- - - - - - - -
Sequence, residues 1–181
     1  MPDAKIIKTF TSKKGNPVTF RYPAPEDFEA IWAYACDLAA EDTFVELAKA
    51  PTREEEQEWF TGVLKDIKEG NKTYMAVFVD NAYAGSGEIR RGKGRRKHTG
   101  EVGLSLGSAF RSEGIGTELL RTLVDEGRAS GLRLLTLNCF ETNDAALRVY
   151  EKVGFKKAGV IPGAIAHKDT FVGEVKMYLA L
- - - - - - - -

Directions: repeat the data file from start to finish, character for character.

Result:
Sequence, residues 1–181
     1  MPDAKIIKTF TSKKGNPVTF RYPAPEDFEA IWAYACDLAA EDTFVELAKA
    51  PTREEEQEWF TGVLKDIKEG NKTYMAVFVD NAYAGSGEIR RGKGRRKHTG
   101  EVGLSLGSAF RSEGIGTELL RTLVDEGRAS GLRLLTLNCF ETNDAALRVY
   151  EKVGFKKAGV IPGAIAHKDT FVGEVKMYLA L